In the end, the St. Charles congress issued a genuinely radical document entitled "Articles of Freedom." It declares that the federal government "now threatens our Life, Liberty and Property through usurpations of the Constitution" and calls for 11 different actions. It demands Obama produce his birth documents and blames immigrants for putting the nation "at risk of terrorism, crime, and disease." It calls for repealing all social service spending, denounces "a cartel of private banks," demands a currency alternative to the dollar, and insists on the end of taxation. It rejects all supranational bodies, including the non-existent North American Union (the entity that nativist conspiracy theorists claim is being secretly planned by Mexico, Canada and the United States). Taking a page from the sovereign citizens movement, it demands an end to driver's licenses, auto registration and insurance. Rejecting the existing legal system, it calls for the creation of "randomly empanelled citizens' common law grand juries" to determine when a trial will take place. And, like the anti-Semitic hard-liners of the Posse Comitatus in the 1980s, it asks that Americans treat county sheriffs as the highest legitimate police authority.
Since the Congress
The ranks of We the People have burgeoned since the November congress, and they now include dozens of prominent radical-right figures. Among them are Orly Taitz, the California dentist on a personal jihad to prove that Obama is not a citizen; Cory Burnell, a former leader of the white supremacist League of the South and later founder of Christian Exodus, which seeks a theocratic takeover of the state of South Carolina; John Hassey, former leader of the Central Alabama Militia; Walter Burien, co-founder in the 1990s of the Arizona Sons and Daughters of Liberty militia; and Jo Ann Dingley, once a contact for the Santa Rosa County Militia and a delegate to the Third Continental Congress, a Patriot formation.
With this swelling of the WTP rolls have come people with reported criminal histories. (Each of the people named below did not respond to E-mails seeking comment; details of their histories come from press reports). Among them:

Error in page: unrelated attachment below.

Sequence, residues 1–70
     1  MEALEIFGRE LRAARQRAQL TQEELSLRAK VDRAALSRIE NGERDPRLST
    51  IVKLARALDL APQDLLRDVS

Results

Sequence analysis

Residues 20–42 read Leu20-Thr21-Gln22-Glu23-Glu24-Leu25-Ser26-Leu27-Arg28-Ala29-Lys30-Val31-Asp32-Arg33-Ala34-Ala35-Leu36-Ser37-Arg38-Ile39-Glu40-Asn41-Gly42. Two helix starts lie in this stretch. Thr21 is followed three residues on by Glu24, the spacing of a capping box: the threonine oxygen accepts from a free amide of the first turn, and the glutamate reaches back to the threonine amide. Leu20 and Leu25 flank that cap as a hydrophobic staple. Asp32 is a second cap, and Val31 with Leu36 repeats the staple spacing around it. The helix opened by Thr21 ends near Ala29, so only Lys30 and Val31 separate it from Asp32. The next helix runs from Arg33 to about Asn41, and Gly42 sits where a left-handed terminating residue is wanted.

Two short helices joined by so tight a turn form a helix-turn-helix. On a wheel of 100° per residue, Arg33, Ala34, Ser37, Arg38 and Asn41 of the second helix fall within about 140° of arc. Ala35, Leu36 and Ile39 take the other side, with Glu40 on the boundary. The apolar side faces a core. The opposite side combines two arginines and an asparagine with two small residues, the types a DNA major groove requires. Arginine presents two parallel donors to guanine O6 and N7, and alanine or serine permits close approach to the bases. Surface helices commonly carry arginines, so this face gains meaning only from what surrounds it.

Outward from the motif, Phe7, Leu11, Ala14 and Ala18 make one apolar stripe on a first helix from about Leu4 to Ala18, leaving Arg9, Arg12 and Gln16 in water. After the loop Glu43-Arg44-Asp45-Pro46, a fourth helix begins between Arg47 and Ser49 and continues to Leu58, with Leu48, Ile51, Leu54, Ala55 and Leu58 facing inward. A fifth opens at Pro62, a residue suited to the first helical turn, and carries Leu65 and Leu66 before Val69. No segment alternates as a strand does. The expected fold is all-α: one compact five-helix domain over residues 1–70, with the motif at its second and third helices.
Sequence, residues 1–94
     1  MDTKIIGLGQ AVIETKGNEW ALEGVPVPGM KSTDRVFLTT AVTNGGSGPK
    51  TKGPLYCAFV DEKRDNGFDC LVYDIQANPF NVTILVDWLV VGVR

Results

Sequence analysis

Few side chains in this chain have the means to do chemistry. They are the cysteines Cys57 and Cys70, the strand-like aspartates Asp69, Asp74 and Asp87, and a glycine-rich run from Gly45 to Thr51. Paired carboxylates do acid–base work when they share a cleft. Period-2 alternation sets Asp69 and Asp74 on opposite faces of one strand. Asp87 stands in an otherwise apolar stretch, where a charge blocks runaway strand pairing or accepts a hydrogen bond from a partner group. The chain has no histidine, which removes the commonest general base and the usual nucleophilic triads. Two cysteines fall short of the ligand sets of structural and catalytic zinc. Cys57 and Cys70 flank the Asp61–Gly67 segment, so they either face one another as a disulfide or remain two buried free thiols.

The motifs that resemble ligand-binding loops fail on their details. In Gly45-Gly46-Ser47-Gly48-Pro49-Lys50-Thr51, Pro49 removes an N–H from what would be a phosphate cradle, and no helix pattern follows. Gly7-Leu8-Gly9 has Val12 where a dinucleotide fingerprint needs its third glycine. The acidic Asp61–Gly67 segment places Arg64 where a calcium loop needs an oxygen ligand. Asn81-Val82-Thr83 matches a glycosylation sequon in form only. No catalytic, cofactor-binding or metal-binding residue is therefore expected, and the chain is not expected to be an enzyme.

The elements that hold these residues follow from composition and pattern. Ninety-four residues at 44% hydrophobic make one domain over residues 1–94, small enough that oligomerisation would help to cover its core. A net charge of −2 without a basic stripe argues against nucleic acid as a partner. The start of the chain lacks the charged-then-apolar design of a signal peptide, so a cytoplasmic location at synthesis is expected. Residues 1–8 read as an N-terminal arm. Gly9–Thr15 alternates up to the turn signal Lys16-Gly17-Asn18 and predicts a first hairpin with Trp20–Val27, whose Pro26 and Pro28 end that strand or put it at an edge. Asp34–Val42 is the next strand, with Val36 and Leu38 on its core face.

Wayne Gunwall, who in the 1990s traveled around the country helping groups set up common-law courts. He was sentenced to 15 months in prison in 1997 for conspiring to impede and harass Internal Revenue Service agents.
Arthur Hollowell, a "sovereign citizen" who in 1982 was convicted of forgery charges and then was a fugitive for years. He was eventually sentenced to a year in federal prison in 1997 after pleading guilty to running a scam, called the Northwest Community Exchange, to hide millions of dollars from the Internal Revenue Service. In the 1990s, Hollowell was tied to the Citizens Bar Association, which urged tax resistance and was reportedly anti-Semitic.
Robert B. Beale, convicted of tax evasion in 2008 after two years on the run.
And David Eugene Landess, who accepted a plea bargain in 2009 on felony charges of attempting to evade taxes over several years.
It's not clear what role Bob Schulz and We the People will play in the coming months and years. What is certain is that they have had a key, and little-noticed, part in the dramatic expansion of the radical right over the last year. It may well be, when the history of these years on the radical right in America is finally written, that the Jekyll Island summit, and the continental congress that followed, did more than any other effort to build the muscle of the radical antigovernment movement.
And that, judging by documents produced at the group's November congress, may well presage new dangers for the American public. The documents conclude that any infringement on the people's liberty as laid out in the Constitution is "an act of WAR" that "the People and their Militias have the Right and Duty to repel."
Janet Smith contributed to this report.